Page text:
Benefits and limitations of using synonyms in SQL Server 2005
By: Atif Shehzad | Updated: 2008-09-04 | Comments (18) | Related: More > Synonyms
On my new job I faced a situation where archived tables were created in the production database and now there was a requirement to move them as the database was growing. These archival tables were being used by several jobs and also in the application code. Moving them was demanding and also a very complicated process. I wanted to find a way to minimize the amount of work that the development team had to do, since their time was limited too. Based on the needs and the limited time I wasn't sure what was the best option.
Fortunately I found a feature in SQL Server 2005 which solved my problems and provided further optimization and facilities. The feature is SYNONYMs in SQL Server 2005. A SYNONYM is new to SQL Server 2005. It is a way to give an alias to an already existing or potential new object. It is just a pointer or reference, so it is not considered to be an object.
In order to create a synonym, you need to have CREATE SYNONYM permissions. If you are a sysadmin or db_owner you will have these privileges or you can grant this permission to other users. Also, you create a synonym that crosses databases you will need permissions for the other database as well..
Here is an example to create the SYNONYM in a database that references another object in the database.
|USE AdventureWorks |
CREATE SYNONYM MySyn FOR Production.Location
To check that this works you can issue a query such as below that uses the new SYNONYM.
|SELECT * FROM MySyn|
Here is an example to create the SYNONYM in one database that references an object in another database.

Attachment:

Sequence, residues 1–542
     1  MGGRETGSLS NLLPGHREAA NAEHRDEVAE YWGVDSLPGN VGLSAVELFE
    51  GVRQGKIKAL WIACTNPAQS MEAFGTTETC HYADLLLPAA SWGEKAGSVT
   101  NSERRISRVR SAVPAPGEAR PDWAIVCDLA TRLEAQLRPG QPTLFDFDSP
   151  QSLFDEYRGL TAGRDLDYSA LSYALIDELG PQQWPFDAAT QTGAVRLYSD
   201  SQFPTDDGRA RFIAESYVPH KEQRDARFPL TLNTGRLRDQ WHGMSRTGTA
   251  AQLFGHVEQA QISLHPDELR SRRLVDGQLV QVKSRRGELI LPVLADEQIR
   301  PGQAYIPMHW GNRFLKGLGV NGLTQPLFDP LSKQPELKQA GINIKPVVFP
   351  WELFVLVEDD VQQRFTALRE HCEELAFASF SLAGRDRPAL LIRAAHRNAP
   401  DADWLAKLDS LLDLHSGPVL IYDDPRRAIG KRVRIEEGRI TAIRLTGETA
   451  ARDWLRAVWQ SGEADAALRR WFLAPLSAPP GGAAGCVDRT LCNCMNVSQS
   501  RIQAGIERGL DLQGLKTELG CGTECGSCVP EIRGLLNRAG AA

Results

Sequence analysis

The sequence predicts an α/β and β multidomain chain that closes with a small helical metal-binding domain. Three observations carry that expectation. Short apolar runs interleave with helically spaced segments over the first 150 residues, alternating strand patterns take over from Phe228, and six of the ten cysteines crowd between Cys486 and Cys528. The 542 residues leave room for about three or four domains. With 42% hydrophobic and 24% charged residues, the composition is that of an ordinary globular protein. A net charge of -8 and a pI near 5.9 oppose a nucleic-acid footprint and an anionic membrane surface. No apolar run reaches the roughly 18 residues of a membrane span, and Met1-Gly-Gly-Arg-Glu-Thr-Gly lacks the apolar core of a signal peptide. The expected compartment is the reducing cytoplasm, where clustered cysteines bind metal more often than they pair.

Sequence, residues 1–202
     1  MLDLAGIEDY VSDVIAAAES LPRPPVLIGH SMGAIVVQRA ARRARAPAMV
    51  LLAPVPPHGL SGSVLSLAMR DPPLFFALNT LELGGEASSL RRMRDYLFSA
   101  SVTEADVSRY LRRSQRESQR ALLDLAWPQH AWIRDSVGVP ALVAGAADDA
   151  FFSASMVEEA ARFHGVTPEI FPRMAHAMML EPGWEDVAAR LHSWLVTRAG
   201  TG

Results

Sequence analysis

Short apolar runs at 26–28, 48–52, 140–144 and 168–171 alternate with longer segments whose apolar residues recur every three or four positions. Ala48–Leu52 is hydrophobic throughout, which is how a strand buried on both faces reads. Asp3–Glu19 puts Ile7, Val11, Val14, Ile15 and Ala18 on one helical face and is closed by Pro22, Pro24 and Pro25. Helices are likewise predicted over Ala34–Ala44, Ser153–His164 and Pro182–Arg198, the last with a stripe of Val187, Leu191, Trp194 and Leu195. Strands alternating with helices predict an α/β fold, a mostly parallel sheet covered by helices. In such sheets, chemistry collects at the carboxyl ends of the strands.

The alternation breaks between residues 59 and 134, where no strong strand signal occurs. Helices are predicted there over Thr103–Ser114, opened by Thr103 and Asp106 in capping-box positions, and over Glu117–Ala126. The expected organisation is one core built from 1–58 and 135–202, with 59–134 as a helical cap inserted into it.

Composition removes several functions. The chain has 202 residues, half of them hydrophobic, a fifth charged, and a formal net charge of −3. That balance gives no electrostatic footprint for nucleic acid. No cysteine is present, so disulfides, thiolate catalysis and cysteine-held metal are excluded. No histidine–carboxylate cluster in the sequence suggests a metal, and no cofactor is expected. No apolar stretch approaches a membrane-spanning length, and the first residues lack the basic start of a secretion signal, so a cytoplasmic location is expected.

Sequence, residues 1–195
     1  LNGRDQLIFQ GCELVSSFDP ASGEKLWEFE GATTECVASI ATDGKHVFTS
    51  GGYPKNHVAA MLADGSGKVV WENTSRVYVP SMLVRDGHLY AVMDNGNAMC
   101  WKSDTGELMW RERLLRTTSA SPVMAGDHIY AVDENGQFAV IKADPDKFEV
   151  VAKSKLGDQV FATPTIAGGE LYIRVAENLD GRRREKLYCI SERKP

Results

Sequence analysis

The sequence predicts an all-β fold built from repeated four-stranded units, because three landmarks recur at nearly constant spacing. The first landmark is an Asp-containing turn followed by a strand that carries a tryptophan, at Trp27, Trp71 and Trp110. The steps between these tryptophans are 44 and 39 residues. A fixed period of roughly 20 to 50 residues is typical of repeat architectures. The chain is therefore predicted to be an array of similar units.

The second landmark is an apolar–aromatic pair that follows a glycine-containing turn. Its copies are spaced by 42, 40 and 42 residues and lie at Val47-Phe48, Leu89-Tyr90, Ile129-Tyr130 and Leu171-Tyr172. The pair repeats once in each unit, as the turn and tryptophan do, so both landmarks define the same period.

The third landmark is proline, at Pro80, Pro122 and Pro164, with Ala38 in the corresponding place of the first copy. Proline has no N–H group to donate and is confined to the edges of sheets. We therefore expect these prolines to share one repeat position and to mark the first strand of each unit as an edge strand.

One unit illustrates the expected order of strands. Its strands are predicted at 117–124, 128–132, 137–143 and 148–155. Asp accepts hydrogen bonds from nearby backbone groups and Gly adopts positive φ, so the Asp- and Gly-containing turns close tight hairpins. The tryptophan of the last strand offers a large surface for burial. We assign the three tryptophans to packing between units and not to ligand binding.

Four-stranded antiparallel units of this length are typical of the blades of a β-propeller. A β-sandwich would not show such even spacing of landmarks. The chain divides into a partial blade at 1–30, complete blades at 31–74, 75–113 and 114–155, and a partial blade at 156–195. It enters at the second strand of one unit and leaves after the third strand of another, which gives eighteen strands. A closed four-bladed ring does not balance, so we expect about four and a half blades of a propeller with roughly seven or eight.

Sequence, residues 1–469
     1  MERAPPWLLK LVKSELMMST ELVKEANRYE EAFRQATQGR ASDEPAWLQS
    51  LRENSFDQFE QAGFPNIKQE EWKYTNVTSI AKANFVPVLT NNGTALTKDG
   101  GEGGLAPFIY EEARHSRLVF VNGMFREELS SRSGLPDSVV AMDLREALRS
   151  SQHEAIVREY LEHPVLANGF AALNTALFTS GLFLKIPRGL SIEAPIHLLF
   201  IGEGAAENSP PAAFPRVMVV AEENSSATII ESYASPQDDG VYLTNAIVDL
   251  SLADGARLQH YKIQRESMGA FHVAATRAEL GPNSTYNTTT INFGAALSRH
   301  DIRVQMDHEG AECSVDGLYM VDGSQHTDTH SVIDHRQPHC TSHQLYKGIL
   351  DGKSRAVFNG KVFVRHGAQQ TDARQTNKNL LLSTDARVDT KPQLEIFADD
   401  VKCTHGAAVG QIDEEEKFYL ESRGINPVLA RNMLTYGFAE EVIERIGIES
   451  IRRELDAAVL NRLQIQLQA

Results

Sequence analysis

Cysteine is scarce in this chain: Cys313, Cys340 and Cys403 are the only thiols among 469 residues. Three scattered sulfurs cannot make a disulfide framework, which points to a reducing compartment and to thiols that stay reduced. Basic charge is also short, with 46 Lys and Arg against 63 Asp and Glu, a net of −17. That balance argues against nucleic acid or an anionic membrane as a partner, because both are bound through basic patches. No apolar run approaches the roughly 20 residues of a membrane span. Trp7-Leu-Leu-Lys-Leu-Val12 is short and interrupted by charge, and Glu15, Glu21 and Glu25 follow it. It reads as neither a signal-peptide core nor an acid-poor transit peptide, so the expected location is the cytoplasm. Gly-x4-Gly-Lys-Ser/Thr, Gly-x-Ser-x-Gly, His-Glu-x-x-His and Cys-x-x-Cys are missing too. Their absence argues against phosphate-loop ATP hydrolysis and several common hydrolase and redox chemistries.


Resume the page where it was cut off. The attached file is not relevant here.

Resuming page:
CREATE SYNONYM dbo.MySyn FOR AdventureWorks.Production.Location
To get the meta data for all synonyms use the following command
|SELECT * FROM sysobjects |
WHERE xtype = 'SN'
ORDER BY NAME
And to drop the synonym use the following command
|USE AdventureWorks; |
DROP SYNONYM MySyn
SYNONYM's can be very useful and can be created for
- Assembly Stored Procedures, Table Valued Functions, Aggregations
- SQL Scalar Functions
- SQL Stored Procedures
- SQL Table Valued Functions
- SQL Inline-Table-Valued Functions
- Local and Global Temporary Tables
- Extended Stored Procedures
- SYNONYMs provide a layer of abstraction over the referenced object
- Allow changes to complicated (multi part) and lengthy names with a simplified alias as a same server resident object.
- Provides flexibility for changing the location of objects without changing existing code.
- SYNONYMs can be created in the same database to provide backward compatibility for older applications in case of drop or rename of objects.
- SYNONYMs can be useful if you give the front-end query tools like spreadsheets and Access linked tables direct links in to the tables.
- SYNONYMs are loosely bound to the referenced objects. So you can delete a SYNONYM without getting any warning that it is being referenced by any other database object.
- Chaining is not allowed. It means that you can not create SYNONYM of a SYNONYM.
- Obviously consumes possible object names, as you can not create a table with the same name of a synonym
- The object for which the SYNONYM is being created is checked at run time. It is not checked at creation time. So this means that if you make any related error e.g. spelling error, the synonym will created, but you will get an error while accessing the object.
- SYNONYM can not be referenced in a DDL statement
Now that you know that you can create a SYNONYM to reference objects in an existing database or another database look for ways that a SYNONYM may be used. Sometimes a simple alias may be the best choice instead of a lot of re-work to move or rename objects.
Take a look at this other tip about SYNONYMs: How and why should I use SQL Server 2005 synonyms?
Last Updated: 2008-09-04
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